Mark Aselstine
 
June 24, 2013 | Mark Aselstine

Chronicle Wines Cerise Pinot Noir

Chronicle Wines Pinot NoirEvery so often we find a winery and think, if we could make wine, we’d want it to be like this.

Chronicle Wines is one of those wineries.

We had previously featured their Savoy Vineyard Pinot Noir in our Special Selections Wine Club and the reaction to it was superb.  I think we’ve received more positive comments about this wine than we have any other Pinot Noir that we’ve shipped in 3+ years.  Matt and I enjoyed the wine enough to have a bit of a “discussion” about where our last bottle should go.  To a paying customer? To me? To him? To be enjoyed the two of us? To be enjoyed with our wives?

In any case, I wish we could make the case that we found Chronicle through some great exploration, but 94 point scores don’t grow on trees, even when you’re considering one of the most famous Anderson Valley vineyards in existence, so there’s that.  Plus, one of our favorite questions to ask winemaker and winery staff that we meet is quite simple: What are you drinking?  After we heard Chronicle come out the mouth of the 5th person in Sonoma, we thought that it might be a good time to find a way to get some of the wine for our customers.

We were incredibly happy to have been selected to offer their Cerise Vineyard Pinot Noir to our wine club customers this month. We said it in our newsletter and we’ll say it again in this space, but Chronicle did a better job explaining the Cerise Vineyard than we ever could, so we’ll share their work here:

Cerise Vineyard is located between 800 and 1200 feet above the floor of Anderson Valley looking down on the little town of Boonville.  The vines are planted on a series of steep slopes facing south, and all farmed organically.  There are 40 acres total, scattered on a series of small, clonal blocks, generally each no larger than a few acres.  They are quite exposed to both fog and cooling breezes from the ocean. The soils here are thin, hard and quite marginal, a blend of sandstones and fractured shale. The property is full of sunken boulders and bedrock that fractures only under great stress. If the old adage that great wines come from poor soils is true, then this site is the real deal.  The vines struggle to produce two tons per acre in the very best years.

In many ways what we have here (and what you hopefully have in your glass) is in many ways the quintessential Anderson Valley Pinot Noir.  If you consider this part of Sonoma to be one of the predominant Pinot production regions in the world, this is why.  The Pinot produced by excellent Anderson Valley vineyards aren’t the lighter versions valued by other regions around the world, but in many they are darker and more brooding than you can find elsewhere.  Chronicle describes their Pinot’s as having dark fruit flavors, which even the mention of in Burgundy might be heresy.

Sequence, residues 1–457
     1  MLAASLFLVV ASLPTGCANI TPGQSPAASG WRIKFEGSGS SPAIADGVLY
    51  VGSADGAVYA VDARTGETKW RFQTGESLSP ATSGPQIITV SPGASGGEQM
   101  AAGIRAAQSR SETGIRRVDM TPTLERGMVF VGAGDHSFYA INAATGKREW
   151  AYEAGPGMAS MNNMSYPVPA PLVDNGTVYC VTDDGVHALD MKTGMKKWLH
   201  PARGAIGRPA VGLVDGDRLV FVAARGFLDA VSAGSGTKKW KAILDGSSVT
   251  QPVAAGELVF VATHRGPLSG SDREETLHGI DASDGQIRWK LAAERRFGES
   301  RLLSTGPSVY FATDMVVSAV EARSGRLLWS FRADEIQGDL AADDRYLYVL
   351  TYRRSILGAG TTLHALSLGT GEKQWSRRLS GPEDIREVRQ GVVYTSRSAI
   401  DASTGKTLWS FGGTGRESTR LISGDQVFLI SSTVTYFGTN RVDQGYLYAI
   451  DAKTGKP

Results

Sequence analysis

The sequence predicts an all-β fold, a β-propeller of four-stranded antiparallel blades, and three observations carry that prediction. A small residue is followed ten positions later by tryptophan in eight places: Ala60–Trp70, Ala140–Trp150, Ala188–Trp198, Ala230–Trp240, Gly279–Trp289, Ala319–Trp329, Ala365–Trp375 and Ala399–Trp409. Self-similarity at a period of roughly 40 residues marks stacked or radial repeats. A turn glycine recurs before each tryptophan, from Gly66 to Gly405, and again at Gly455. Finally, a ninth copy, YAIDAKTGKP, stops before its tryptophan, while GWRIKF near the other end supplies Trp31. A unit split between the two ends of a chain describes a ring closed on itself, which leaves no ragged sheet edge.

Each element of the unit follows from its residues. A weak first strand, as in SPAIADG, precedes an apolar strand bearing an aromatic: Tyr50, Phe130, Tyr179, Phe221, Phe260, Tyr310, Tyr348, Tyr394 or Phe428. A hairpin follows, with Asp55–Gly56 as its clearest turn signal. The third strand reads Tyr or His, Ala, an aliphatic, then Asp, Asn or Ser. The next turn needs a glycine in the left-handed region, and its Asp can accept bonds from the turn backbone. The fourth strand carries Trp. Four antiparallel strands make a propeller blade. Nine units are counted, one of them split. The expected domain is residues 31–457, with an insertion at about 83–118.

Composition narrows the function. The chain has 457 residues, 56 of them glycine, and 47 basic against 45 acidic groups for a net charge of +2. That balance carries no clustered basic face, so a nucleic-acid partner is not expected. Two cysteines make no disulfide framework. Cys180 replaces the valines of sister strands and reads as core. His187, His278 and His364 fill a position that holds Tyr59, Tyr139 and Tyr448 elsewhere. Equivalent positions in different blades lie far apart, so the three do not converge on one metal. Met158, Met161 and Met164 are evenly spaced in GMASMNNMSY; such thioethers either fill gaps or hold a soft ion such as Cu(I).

The reasons for that darkness are certainly sketched out above, but vines forced to struggle as much as these tend to produce both smaller yields and also smaller fruit.  Smaller fruit is a key consideration here and I think isn’t given enough attention for how flavors are imparted to wine.  If you think about the amount of grape skins available to impart flavors into wine, there are more skins in a ton of these grapes than there are on from other vineyard sites in the Anderson Valley, or really anywhere else in the world. More skins produce more flavor and more skins also produce darker wine.  After all, red wine isn’t really red until it spends some time in contact with the grape skins. Additionally, the Anderson Valley has darker versions of Pinot because of the fog and cold that happens on the Sonoma coast, but all of that struggle is accented by the vineyard itself here.

Going forward, we’re excited to see what happens at Chronicle.  They have released an Anderson Valley Pinot blend, which we think is going to end up a nice addition for their lineup, especially at a more wallet friendly price of $44. That’s a significant discount from their single vineyard offerings and places them $11 short of what we see the average Pinot marked as Anderson Valley from other well known and respected producers.

There is also a Chardonnay this year for the first time ($35) which I will admit, to not having had the chance to taste myself as of yet.  We’ve certainly moved out of the day of Chardonnay in California, but again it’s nice to have a white wine offering and frankly, the story will bring in plenty of customers by itself:

This marks my inaugural Chardonnay release under Chronicle. My Dad Jim first planted our home vineyard in 1982, on a 14-acre plateau nestled into the mountain in the cool southwest portion of Sonoma Valley. The vineyard thrived for twenty years under his guidance, until his passing in 2002.


"I've long wanted to produce a wine from that fruit, given the deep connection I have to that site and to my Dad."


Given that one of the reasons Matt and I wanted to get into the wine business was to create a business of value that we could eventually pass on to our children, I feel a certain attachment to the story of Chronicle’s Chardonnay.

So I hope I’ve done a good job extolling the virtues of Chronicle.  At it’s core, this is pretty simple.  This is exactly the type of small production winery that we’re all clamoring for.

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